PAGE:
Septic drain field problems are a common concern for homeowners. If your home relies on one to function, you probably want to know what to do when the problem comes up. Many things could cause your septic drain field to act up, and knowing what they are is the first step in fixing them. Conflicts between a homeowner, their septic system, and their local health department can arise when a homeowner does not recognize or identify their concerns with a failing septic drainfield. The good news is, it's pretty easy to tell when there is an issue with your septic drain field.
Septic DrainField Damage
Septic drainfields use soil filtration to treat wastewater naturally before it returns to the groundwater. This part of your system is perforated pipes buried in gravel and soil. A septic drainfield works slowly and effectively. While it may take years for a problem to develop, once it does, the system must be repaired or replaced.
If your septic tank is working properly, the drainfield should require little to no maintenance. Unfortunately, most homeowners know very little about their septic systems until something goes wrong. Septic drainfield damage is not always easy to detect — if you notice signs of clogging or malfunctioning, contact a professional immediately.
Septic System Corrosion
If you have a steel tank, corrosion can cause pinholes in the steel, causing waste to leak into the drainfield. If the corrosion is caused by sulphuric acid, it will eat away at the concrete baffles inside your tank as well. This is called hydrogen sulfide corrosion, and it can happen if there is too much sulfur in your water supply or if you use too many cleaners containing sulphuric acid in your home. Septic system corrosion can cause a need for immediate repairs because sewage will leak into the surrounding area of your drainfield and contaminate groundwater.
Septic Drain Field Backup
One of the most common symptoms of a failing septic drainfield is backup. When your septic tank is full, this can cause a backup of sewage into your home and even into your yard. Septic system backup can be caused by many things, including:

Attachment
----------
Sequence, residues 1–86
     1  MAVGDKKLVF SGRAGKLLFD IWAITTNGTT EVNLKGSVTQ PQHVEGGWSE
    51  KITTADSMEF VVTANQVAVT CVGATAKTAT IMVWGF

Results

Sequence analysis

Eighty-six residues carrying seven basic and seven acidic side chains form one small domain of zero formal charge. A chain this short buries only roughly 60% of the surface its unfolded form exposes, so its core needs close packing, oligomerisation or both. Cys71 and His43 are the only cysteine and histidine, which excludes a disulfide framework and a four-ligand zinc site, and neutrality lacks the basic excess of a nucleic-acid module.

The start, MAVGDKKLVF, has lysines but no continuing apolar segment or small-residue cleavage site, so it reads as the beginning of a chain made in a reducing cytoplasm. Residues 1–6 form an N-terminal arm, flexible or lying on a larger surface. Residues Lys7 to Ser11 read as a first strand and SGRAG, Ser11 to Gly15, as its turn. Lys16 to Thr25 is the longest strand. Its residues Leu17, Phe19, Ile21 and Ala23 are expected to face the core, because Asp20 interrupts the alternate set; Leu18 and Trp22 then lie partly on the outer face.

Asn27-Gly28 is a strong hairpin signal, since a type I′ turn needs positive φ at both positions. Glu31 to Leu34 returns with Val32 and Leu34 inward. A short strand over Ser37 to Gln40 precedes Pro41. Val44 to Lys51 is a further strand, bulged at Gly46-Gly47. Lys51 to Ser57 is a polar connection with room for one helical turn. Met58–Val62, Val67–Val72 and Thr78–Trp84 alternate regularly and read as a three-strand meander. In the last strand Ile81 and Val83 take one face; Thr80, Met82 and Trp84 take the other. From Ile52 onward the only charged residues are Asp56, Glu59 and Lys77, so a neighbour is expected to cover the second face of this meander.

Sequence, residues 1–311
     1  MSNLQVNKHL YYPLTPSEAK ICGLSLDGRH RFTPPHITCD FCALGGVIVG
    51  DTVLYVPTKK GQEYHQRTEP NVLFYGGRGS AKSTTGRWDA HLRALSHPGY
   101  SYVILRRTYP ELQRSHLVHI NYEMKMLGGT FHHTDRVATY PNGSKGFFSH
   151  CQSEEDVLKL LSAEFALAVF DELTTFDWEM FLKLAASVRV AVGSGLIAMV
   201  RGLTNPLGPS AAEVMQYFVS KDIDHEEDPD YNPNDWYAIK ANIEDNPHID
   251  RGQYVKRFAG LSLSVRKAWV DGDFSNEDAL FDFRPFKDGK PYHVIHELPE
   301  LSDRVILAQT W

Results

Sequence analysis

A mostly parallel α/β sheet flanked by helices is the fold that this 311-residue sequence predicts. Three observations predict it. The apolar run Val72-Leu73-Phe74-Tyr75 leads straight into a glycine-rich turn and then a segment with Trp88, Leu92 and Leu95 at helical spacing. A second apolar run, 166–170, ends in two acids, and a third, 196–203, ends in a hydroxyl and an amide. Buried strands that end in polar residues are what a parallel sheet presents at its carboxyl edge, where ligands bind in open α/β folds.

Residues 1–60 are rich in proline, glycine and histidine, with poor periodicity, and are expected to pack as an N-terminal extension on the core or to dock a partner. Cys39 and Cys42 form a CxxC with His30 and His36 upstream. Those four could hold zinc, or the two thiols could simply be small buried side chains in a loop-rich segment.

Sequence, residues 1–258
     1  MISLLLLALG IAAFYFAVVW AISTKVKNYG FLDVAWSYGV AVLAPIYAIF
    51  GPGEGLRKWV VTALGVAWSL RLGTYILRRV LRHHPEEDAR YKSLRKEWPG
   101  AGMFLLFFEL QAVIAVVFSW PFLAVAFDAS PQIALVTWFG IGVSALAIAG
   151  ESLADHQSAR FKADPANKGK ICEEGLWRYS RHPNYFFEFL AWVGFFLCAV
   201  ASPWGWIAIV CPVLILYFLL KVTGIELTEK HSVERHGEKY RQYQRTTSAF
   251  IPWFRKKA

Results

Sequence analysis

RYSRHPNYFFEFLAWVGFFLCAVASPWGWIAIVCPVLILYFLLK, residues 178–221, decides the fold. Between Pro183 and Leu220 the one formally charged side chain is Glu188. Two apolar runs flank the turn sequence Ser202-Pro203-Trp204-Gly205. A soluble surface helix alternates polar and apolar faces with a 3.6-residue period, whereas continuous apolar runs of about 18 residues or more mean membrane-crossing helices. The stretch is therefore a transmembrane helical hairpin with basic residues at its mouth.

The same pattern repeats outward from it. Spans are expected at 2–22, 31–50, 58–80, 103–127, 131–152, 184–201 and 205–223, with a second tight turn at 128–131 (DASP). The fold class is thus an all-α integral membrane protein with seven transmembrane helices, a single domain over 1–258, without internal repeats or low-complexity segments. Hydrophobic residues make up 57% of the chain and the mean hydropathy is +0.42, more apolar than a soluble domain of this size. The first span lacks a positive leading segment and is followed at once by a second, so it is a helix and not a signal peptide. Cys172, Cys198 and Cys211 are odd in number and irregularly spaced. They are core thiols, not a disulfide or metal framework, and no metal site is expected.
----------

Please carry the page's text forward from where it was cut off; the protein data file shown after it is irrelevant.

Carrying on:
- Overuse: If you have too many people living in your home, or if you are having a lot of guests, it may be time to consider installing an additional drainfield.
- Using Too Much Water: If you use a lot of water on a regular basis, it may be causing your septic system to fill up at an alarming rate.
- Flooding: If there has been flooding in your area, it could cause debris to clog your septic system.
In addition to these problems, an undersized septic tank can also cause the drainfield to become blocked.
Collapsed Drain Field Lines
The most common problem with a septic system is collapsed or broken drainage lines. The drainage lines are perforated pipes that run underground and allow water to filter into the soil. They are usually made of PVC but may be made from other materials such as concrete, clay, or ABS.
If you have an older drainfield or one made from weaker materials like clay or concrete, it will eventually crack and cause leaks in your system. If this happens, you need to replace the broken line with a new PVC pipe as soon as possible.
You can use these tips to diagnose and fix common problems with septic drainfields. Contact a septic drainfield repair service to get the help you need to fix your system.
For more information on septic tank drainfield repair, contact a company near you.